What research and literature can support the development of Intentional Conversations?
While general documents about student learning in college can provide a baseline for constructing Intentional Conversations, literature specific to student development and transitions can be of particular use. Because the content of Intentional Conversations with students changes according to the student’s journey, literature on the first-year student experience, on the sophomore year experience, and on upper class transitions can help guide what questions and prompts are developed for student staff in these conversations.
The National Resource Center for the First Year Experience and Students in Transition at the University of South Carolina provides a number of resources and professional development opportunities that can help in the construction of journey-appropriate conversation guides. In particular, the Resources section of their website provides you with access to databases containing examples of programs, courses, and other experiential activities that individual schools offer for various student populations, including: first year, sophomore, senior, and transfer students. There are also a number of books that address these topics:
First Year Experience
- The First-Year College Experience Handbook: Strategies for Academic Success and Character Development
- Developing and Sustaining Successful First-Year Programs: A Guide for Practitioners
- Challenging and Supporting the First-Year Student: A Handbook for Improving the First Year of College
- Teaching First-Year College Students
- The Freshman Year Experience: Helping Students Survive and Succeed in College
Sophomore Year Experience
- Helping Sophomores Succeed: Understanding and Improving the Second Year Experience
- Shedding Light on Sophomores: An Exploration of the Second College Year (First-Year Experience Monograph No. 47)
- Investigating Sophomore Student Success: The National Survey of Sophomore-Year Initiatives and the Sophomore Experiences Survey, 2014 (Research Reports on College Transitions)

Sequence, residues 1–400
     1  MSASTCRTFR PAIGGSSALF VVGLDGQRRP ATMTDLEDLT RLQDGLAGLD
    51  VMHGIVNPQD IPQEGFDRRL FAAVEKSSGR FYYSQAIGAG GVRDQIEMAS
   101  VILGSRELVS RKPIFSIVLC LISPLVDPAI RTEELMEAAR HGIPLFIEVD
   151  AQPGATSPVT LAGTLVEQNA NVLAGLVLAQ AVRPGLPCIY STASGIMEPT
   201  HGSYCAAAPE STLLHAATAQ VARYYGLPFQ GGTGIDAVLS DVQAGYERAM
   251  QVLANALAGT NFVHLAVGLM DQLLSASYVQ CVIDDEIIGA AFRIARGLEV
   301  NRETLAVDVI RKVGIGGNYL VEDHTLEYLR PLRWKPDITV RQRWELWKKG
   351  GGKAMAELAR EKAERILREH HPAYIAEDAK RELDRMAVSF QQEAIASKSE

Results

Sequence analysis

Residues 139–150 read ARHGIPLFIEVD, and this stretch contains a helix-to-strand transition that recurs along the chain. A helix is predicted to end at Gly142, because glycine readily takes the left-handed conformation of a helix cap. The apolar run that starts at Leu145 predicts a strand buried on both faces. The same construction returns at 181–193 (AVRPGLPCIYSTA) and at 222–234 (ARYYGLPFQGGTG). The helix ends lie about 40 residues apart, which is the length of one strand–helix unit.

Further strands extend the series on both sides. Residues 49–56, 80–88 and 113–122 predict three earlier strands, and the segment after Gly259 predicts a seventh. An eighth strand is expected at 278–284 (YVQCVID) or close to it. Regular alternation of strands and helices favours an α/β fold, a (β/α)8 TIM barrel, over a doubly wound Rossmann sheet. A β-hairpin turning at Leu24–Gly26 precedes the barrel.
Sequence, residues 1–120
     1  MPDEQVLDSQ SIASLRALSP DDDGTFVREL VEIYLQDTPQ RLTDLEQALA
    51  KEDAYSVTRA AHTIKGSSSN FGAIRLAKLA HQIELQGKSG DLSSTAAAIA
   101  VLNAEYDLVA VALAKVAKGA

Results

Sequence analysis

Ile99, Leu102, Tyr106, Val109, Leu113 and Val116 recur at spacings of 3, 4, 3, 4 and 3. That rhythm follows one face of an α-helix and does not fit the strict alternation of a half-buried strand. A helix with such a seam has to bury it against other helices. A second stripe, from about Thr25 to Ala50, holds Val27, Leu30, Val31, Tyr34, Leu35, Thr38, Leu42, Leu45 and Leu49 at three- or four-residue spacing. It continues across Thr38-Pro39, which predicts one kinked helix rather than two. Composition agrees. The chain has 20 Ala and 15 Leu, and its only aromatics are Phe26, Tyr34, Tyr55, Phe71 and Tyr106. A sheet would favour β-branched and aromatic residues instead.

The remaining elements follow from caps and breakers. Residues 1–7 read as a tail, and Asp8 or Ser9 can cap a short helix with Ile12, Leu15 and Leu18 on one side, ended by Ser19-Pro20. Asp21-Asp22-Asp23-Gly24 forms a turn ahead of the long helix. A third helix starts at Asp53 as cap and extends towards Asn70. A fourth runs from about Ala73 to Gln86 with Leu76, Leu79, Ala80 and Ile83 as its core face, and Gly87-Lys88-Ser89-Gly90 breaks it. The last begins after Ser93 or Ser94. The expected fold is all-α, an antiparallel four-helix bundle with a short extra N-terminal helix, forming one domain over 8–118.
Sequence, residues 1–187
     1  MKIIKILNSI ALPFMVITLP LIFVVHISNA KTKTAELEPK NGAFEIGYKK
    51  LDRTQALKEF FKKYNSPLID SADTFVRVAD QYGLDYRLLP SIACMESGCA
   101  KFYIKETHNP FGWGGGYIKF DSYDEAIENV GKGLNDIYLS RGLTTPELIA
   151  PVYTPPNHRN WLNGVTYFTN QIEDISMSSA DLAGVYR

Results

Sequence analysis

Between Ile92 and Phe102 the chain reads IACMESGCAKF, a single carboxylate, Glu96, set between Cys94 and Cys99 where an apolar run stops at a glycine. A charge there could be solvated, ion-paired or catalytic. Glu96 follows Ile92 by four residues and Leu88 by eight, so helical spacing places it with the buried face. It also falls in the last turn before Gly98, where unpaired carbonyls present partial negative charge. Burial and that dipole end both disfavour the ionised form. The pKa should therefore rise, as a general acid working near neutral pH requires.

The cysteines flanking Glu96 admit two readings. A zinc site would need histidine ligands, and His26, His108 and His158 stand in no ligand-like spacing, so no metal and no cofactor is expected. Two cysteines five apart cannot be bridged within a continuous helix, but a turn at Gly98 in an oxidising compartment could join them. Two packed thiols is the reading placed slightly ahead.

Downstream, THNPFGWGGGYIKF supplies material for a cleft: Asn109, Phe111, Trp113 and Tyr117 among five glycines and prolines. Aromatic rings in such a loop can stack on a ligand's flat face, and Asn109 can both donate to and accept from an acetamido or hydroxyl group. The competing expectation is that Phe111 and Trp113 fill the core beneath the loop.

Upper class Students and Other Books of Interest
- The Senior Year Experience: Facilitating Integration, Reflection, Closure, and Transition
- Increasing Persistence: Research-based Strategies for College Student Success
- Student Learning in College Residence Halls: What Works, What Doesn’t, and Why
- Student Engagement in Higher Education: Theoretical Perspectives and Practical Approaches for Diverse Populations
- Thriving in Transitions: A Research-Based Approach to College Student Success
Intentional Conversations represent an important educational strategy in the residence halls. When researched and implemented well, they are better suited to some educational outcomes, allow for individualization, and provide more customized support for students. Intentional Conversations can also capitalize on staff strengths in better and more efficient ways than other educational strategies.
After deciding to deploy Intentional Conversations as a strategy to achieve learning goals and outcomes, the next step in the process is to provide structure and support to student staff in their implementation. In the next post in this series (releasing on 6/13), we outline how to implement Intentional Conversations and provide guidance on common practices.
- What educational goals and outcomes do you have for students that might best be implemented through Intentional Conversations?
- Will Intentional Conversations be complementary to or replace current educational strategies you utilize?
- How will you research and structure the guides and prompts student staff members will utilize through Intentional Conversations?